Lara Cotton - Care, General Care Projects in China
Despite a delay due to a typhoon in Hong Kong, I left for China on a heady cocktail of excitement and nerves. Armed only with a leaden case, a phone number and a dim memory of High School Mandarin, I left my friends to the festivals and embarked on my own little adventure to Chengdu.
Arriving in China
After a three hour delay on the tarmac at Shanghai excitement had worn thin and I found myself desperate for a bed – preferably the one I’d left. My spirits were lifted when I was greeted at Chengdu airport by two beaming Projects Abroad staff who replaced the case I held in my hand with a much-needed bottle of water and bundled me into a taxi to take me to the apartment I would be sharing. On the way I was given maps, an emergency card, keys and assurance that I would be met the next day for an orientation.
I was apartment-sharing with three other volunteers and was located nearby to two other volunteer apartments. On my first meeting with the other volunteers I had fears about not making friends to explore the city with but these were immediately quelled – they were all lovely! It was great to have an opportunity to mix with people from different countries and backgrounds who all shared the same interest in China.
Living in Chengdu
Chengdu itself was a busy, exciting city with lots of places to see within the city and the surrounding area. I could be in a quiet temple one moment and a bustling market wondering at the appeal of a rabbit’s head the next! Just a walk to the supermarket would offer sights and smells that would baffle, wonder or amuse me and I found the cultural difference from England refreshing and stimulating.
Near to Chengdu is the temple at Leshan – home to the giant Buddha and the largest panda sanctuary in China is roughly a half hour taxi away. Both were places I had heard about and wanted to visit before I left and neither disappointed me! Spare time in the evenings and at the weekends were brilliant opportunities to go on any trips or experience the hospitality of Chinese clubs.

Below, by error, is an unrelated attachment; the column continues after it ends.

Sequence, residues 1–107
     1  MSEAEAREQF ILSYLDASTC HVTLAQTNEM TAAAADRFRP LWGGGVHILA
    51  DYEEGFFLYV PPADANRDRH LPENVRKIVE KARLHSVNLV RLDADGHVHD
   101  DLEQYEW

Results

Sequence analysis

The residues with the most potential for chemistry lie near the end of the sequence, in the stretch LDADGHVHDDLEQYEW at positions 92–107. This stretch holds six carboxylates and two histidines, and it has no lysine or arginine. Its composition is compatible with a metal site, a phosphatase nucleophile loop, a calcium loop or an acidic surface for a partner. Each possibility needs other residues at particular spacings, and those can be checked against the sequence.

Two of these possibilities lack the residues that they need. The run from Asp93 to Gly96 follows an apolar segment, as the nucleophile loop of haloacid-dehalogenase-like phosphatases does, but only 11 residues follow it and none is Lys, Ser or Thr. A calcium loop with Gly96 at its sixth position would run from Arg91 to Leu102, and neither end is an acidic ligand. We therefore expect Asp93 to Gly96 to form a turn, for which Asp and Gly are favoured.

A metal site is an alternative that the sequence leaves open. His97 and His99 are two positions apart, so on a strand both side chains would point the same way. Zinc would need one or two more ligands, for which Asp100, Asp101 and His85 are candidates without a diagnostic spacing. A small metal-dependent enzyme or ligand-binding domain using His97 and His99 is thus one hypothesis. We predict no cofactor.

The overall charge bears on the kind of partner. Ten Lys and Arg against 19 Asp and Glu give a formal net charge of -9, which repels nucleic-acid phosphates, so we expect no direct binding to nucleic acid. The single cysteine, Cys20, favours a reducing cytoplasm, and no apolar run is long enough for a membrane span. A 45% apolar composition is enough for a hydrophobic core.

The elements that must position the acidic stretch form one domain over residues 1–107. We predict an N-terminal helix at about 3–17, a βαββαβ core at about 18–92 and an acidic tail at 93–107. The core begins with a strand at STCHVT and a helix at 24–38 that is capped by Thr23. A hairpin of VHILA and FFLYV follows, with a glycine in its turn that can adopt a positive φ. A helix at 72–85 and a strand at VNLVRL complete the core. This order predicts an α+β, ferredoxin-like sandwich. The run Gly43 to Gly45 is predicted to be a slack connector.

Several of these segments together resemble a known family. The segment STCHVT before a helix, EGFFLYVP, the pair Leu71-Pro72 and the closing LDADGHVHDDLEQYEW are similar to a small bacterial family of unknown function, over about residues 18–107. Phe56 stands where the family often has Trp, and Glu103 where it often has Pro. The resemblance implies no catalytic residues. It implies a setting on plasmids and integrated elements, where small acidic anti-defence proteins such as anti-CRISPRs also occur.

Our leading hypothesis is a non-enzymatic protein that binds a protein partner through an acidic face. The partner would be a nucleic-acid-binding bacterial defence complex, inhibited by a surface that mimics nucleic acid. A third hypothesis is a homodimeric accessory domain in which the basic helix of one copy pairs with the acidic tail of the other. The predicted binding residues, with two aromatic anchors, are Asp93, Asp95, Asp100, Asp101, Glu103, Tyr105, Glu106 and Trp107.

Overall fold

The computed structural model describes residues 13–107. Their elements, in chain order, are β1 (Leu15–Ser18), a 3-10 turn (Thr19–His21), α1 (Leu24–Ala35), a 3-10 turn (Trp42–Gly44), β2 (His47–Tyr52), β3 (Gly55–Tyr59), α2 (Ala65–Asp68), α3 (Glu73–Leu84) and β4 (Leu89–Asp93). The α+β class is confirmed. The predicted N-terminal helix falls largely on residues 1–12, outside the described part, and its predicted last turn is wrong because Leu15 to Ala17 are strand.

My Care Placement
During my month in Chengdu I worked at a disabled children’s day center at The First People’s Hospital Chengdu. To get there I had to walk to a bus stop and take two different buses – no mean feat when half asleep in the morning! However I soon got my bearings (with some help) and would have a daily giggle at the seemingly non-existent traffic rules – I once saw a girl who was riding her push-bike whilst reading a book in rush hour traffic!
I found the hospital experience invaluable, not only because I could be much more hands-on than in previous hospital experience in the UK, but because it enabled me to practice my (shaky!) mandarin on a pretty forgiving audience. I also found the mixture of western and Chinese treatments interesting and the children were adorable. Within a week I was ‘djie djie’ (older sister) or ‘aiye’ (auntie) to many of the patients and I looked forward to seeing them and their carers every day.
Aside from the friendly, hospitable people and their wonderful creations which included a bike laden with a fridge, a baby’s carry chair made of an old garden chair and cloth, palm-leaf fans and straw over-shoes to name a few, the thing I missed most about Chengdu was the food. Sichuan is famed for its cuisine – especially its liberal use of chili. A self-confessed chili wimp I resigned myself to a month with a numb tongue but far from weeping my way through meals I found myself quickly accustomed to the spice as well as enjoying many delicious chili-free dishes – often for as little as 90 pence.
I had a brilliant time in Chengdu, exploring the city and enjoying the freedom of being somewhere so different from home. I won’t forget the feeling of walking home at 10pm past communal dancing in the square having just filled my stomach with noodles for 60p.